In September 2017, we read “Originals: How Non-Conformists Move the World,” by Adam Grant, a book that “addresses the challenge of improving the world, but now from the perspective of becoming original: choosing to champion novel ideas and values that go against the grain, battle conformity, and buck outdated traditions.”
As a group, we shared our takeaways and lessons learned from the book.
Here were some of our favorite quotes, ideas and observations:
There is a widespread myth that great innovators must give up everything else to pursue their chosen fields. “Originals” debunks this myth by showing examples of innovators who hedged their bets. The founders of Warby Parker, for example, accepted other jobs and enrolled in advanced degrees as they were developing the company.
Originality does not adhere to the assumptions and structures that preceded it.
Intellipedia is an online system for collaborative data sharing used by the U.S. intelligence community. The analyst who introduced the system, Carmen Medina, was ignored and ostracized when she first posed the notion of collaborative data sharing. Years later, having been reassigned to another position, she rose to a position of status within the CIA. At this juncture, she successfully introduced Intellipedia. This example shows us that we must command a certain level of respect, hard-won over time, to introduce revolutionary thinking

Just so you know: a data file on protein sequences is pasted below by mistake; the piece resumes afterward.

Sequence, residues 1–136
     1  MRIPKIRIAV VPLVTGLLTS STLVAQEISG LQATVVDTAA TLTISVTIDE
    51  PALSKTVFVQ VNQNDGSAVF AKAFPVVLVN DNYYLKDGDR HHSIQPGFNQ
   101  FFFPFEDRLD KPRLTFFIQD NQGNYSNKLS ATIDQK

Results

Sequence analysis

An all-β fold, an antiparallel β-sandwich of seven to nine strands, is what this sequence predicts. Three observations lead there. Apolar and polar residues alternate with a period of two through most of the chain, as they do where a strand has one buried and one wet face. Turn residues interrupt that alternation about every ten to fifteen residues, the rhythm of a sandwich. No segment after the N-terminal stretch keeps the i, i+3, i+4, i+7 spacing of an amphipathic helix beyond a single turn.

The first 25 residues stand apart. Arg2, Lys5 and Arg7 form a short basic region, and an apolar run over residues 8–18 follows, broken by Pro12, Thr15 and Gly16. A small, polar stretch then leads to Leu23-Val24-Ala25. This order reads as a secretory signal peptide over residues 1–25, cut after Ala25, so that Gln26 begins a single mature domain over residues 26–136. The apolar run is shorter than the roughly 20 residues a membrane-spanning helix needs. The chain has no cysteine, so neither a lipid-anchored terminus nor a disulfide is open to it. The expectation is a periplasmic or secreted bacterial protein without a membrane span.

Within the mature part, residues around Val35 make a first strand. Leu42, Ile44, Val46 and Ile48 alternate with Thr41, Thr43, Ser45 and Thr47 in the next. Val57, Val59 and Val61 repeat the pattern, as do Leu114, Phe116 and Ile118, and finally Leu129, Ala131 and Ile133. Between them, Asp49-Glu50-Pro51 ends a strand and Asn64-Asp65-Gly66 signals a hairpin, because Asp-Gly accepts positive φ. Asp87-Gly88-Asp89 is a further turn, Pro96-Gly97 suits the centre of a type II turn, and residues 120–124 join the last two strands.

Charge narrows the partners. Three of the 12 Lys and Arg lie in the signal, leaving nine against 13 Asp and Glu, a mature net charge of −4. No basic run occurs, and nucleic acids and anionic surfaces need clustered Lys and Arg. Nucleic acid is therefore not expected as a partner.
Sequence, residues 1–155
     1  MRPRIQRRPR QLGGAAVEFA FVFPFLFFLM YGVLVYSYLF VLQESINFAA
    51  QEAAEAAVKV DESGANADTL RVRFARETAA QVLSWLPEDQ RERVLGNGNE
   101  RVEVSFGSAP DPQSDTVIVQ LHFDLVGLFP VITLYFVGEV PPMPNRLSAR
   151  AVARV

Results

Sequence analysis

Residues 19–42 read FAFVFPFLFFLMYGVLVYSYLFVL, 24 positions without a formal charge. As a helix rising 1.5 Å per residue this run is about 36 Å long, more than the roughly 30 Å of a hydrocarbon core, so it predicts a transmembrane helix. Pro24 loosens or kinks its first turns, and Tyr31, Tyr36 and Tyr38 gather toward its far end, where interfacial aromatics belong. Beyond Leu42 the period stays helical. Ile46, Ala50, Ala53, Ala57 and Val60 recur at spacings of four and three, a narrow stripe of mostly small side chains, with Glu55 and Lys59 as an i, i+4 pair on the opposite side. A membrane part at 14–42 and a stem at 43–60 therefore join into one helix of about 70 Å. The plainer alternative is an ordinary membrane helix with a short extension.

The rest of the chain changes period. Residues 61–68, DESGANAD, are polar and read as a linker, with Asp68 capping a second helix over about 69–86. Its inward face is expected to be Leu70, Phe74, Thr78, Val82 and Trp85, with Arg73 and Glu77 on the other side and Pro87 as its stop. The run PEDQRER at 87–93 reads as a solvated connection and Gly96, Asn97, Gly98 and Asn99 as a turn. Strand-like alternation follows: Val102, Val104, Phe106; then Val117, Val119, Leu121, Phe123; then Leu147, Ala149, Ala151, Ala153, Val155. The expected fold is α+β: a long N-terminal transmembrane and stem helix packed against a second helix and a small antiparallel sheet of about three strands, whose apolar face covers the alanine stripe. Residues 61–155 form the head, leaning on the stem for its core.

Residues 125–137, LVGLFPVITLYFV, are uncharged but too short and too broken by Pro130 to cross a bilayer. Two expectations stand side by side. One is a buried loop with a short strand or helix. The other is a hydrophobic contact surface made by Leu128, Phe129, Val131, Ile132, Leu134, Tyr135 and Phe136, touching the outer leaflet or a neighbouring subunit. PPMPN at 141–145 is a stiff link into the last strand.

Experts are vulnerable to the threat of group thinking because they amass a wealth of knowledge in a narrow field. Having varied interests and pursuits serves to defend against this phenomenon. For example, a study of Nobel Laureates in science shows that those who also pursued the arts in their spare time, such as dance, painting and poetry, were orders of magnitude more likely to win the Nobel Prize.
There is a value to naysaying and pessimism, a perspective that allows some people to anticipate the many possible threats to their business. Dreaming up all of these scenarios can promote creative solutions and guard against dangers that others might’ve missed.
And we did have some criticisms:
The book neglects the role that nature plays in our development, presuming that originality can always be learned, given the right practices. Innate ability certainly plays a role. It would’ve been interesting to see how innate abilities or natural tendencies manifest in original thinking.
The author also seems to downplay the role that timing and circumstances played in some of the success stories he cites. Certainly all of the “originals” included in this book are exceptional, but to omit the role that other factors played in these success stories seems a bit misleading.